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Thinness obsession is shaping women’s socio-economic mobility

Debates around the economics of weight have gone on for decades. But with a return to uber-slim beauty standards and a rise in viral weight-loss medications, the idea that being thin can make you more successful has gained new traction.

The ostensible ‘ideal’ of thinness has permeated Western society for centuries. When appearances seemingly dictate opportunities, it is disheartening to witness the profound impact of beauty standards on women’s socio-economic mobility.

But while many beauty myths are called out for being just that, it turns out one may have some truth to it; the narrative that economic success directly correlates with a slender physique.

The economist recently investigated the correlation between thinness and wealth – particularly for women – and the findings are rather striking.

‘The Economics of Thinness’ sheds light on the alarming correlation between body weight and financial prosperity. The study highlights that thinner women, on average, earn more than their heavier counterparts.

Our beauty standards have been systematically shaped by media, fashion, and the beauty industry, presenting us with an unattainable and damaging archetype of femininity.

Consequently, women who do not fit into the “thin ideal” may face barriers in their professional lives due to implicit bias and discrimination.

The concept of beauty as a determinant of success undermines the very essence of gender equality. Instead of valuing women for their intellect, skills, and qualifications, society judges them based on their physical appearance.

This regressive outlook reinforces the notion that women’s value lies solely in their looks, perpetuating a culture that devalues their contributions and perpetuates the gender wage gap.

It is vital we recognize that the idea of thinness as a prerequisite for success is not a natural phenomenon. It is a socially constructed notion fuelled by industries that profit from insecurities and self-doubt.

From weight loss products to cosmetic surgeries, these businesses capitalize on women’s desire to conform to unrealistic beauty standards, trapping them in an endless cycle of chasing unattainable perfection.

The ramifications of this obsession with thinness extend beyond economic implications. It takes a toll on women’s mental health, leading to body dysmorphia, eating disorders, and a pervasive sense of inadequacy.

The body positivity movement has gained momentum as a response to unrealistic beauty standards, aiming to promote self-acceptance and love for all body types. While this movement has had a positive impact on body image and self-esteem, it hasn’t fully dismantled the societal structures that tie physical appearance to economic success.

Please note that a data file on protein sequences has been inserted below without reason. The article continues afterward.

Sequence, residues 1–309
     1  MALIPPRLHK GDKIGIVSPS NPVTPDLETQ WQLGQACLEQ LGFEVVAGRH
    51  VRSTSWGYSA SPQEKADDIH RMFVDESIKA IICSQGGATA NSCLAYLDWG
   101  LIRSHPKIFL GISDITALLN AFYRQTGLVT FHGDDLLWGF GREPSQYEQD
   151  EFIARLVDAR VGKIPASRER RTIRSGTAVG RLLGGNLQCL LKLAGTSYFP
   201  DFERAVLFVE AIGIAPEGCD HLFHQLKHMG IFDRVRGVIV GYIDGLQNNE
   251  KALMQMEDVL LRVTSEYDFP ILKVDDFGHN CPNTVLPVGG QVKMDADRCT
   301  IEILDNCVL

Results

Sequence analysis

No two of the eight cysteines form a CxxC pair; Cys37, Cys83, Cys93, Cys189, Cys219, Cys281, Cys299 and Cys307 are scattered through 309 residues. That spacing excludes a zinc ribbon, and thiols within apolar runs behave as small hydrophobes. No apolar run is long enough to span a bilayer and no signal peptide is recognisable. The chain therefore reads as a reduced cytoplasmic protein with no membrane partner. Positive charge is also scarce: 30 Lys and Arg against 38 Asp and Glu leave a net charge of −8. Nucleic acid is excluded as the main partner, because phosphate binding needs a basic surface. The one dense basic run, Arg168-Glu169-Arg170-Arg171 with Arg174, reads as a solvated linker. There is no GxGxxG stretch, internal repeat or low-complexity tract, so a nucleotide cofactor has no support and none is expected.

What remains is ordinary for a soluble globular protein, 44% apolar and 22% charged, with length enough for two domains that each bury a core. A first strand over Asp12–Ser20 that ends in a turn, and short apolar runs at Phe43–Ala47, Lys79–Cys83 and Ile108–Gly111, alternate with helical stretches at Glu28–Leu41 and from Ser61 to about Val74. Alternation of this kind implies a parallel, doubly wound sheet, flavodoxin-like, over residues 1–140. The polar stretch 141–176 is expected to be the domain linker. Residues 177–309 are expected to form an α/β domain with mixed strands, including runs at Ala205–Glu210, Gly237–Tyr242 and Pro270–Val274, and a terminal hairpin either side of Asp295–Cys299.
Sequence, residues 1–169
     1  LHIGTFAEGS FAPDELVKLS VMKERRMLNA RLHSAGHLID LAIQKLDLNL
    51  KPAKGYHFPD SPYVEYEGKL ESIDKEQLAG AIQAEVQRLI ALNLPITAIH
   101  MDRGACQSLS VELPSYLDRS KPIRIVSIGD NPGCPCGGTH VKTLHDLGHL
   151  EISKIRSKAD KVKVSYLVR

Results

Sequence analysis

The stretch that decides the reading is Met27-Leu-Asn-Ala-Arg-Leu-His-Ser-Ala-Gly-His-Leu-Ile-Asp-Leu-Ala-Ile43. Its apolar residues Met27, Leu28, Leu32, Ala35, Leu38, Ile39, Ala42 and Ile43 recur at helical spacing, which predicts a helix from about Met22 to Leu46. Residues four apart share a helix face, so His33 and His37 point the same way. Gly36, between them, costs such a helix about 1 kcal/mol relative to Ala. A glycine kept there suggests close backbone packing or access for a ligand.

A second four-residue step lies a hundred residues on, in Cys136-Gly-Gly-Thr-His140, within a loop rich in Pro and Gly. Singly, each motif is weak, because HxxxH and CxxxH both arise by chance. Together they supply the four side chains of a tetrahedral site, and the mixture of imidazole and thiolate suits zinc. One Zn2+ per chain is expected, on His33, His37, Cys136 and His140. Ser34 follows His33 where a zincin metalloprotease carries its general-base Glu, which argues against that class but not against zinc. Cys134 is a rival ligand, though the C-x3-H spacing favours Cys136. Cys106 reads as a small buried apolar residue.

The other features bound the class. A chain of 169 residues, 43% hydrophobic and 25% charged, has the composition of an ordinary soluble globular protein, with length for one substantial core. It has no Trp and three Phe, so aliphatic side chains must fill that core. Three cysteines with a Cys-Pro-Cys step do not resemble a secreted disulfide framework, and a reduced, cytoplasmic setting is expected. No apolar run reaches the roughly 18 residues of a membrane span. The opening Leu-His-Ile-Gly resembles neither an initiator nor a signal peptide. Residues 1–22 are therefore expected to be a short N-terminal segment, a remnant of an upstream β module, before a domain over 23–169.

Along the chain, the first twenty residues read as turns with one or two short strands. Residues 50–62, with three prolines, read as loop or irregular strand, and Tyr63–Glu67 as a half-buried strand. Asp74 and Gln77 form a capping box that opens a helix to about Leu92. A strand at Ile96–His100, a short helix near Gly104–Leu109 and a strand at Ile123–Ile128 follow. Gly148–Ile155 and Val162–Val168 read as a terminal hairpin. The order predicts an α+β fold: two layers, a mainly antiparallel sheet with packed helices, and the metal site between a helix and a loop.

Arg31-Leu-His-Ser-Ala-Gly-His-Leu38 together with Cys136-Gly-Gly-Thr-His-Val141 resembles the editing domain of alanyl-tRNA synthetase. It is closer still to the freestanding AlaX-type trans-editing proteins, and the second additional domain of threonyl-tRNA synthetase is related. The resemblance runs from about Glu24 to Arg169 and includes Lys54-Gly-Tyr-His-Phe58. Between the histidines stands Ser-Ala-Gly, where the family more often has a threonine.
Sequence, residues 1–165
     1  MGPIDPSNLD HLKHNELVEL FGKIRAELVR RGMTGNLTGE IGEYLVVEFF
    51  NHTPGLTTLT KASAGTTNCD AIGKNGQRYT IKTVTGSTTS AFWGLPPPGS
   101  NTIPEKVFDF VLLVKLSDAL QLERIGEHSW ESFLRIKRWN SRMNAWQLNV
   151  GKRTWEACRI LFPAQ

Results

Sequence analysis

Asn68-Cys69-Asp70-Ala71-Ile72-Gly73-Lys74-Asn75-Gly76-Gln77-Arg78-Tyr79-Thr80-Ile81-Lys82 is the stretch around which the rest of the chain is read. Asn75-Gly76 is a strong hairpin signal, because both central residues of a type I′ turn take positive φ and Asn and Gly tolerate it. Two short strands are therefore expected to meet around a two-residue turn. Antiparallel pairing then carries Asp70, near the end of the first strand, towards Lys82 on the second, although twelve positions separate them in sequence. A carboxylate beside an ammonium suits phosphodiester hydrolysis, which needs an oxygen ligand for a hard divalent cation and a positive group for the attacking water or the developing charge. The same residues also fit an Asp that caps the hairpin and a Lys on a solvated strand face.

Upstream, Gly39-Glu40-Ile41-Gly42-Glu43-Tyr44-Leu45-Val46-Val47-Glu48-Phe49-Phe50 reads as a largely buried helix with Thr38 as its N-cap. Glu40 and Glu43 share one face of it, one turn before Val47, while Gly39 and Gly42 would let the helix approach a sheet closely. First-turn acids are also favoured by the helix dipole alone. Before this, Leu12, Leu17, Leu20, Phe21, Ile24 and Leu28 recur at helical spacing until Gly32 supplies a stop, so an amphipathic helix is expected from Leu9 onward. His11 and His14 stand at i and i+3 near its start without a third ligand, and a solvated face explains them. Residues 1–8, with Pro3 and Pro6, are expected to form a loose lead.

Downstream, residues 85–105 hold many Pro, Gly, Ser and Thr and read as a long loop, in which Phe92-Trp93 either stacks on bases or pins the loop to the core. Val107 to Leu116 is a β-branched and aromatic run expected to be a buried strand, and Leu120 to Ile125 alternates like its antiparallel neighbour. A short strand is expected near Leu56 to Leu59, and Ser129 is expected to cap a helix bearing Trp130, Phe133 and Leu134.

The popularity of weight loss drugs like Ozempic has surged in recent years, driven by the promise of quick and effective weight loss. While such medications indeed help some individuals combat obesity and improve their overall health, the narrative surrounding them has a more profound impact on women’s earning potential.

For years, studies have shown that women who conform to conventional beauty standards, which often include being thin, are more likely to receive favourable treatment in the workplace and earn higher salaries than their counterparts who do not fit these expectations.

Beyond the influence of weight loss drugs and beauty standards, the gender wage gap is perpetuated by deep-rooted gender bias and occupational segregation. Women are often steered into certain industries or job roles, which are historically undervalued and pay less.

While these biases are multifactorial, studies suggest that women’s appearance, including weight, can exacerbate existing inequalities and contribute to their professional underrepresentation in higher-paying fields.

And it’s nothing new, either – a 2011 study found that, on average, heavy women earned $9000 less than their average-weight counterparts, and very heavy women earned $19,000 less.

The disparity is also unique to women. Over half of male CEOs are overweight, while only 5% of female CEOs carry extra weight. And that’s not even accounting for the disproportionately higher number of male CEOs than females in the first place.

Our narrow focus on thinness neglects other essential facets of identity, such as race, ethnicity, and socioeconomic background. Women from marginalized communities often face double discrimination, as their beauty standards may not align with the dominant narrative.

As a society, we can take active steps to promote body positivity and inclusivity. Media, advertising, and entertainment industries have a pivotal role to play in reshaping beauty norms.

corporate and institutional policies must also prioritize inclusivity and challenge discriminatory practices by embracing and promoting an inclusive work culture.

If these studies tell us nothing else, it’s that our beauty standards directly influence women’s socio-economic mobility and perpetuate inequality. It is high time that we break free from the thinness trap, celebrate diversity, and redefine success based on talent, intellect, and character.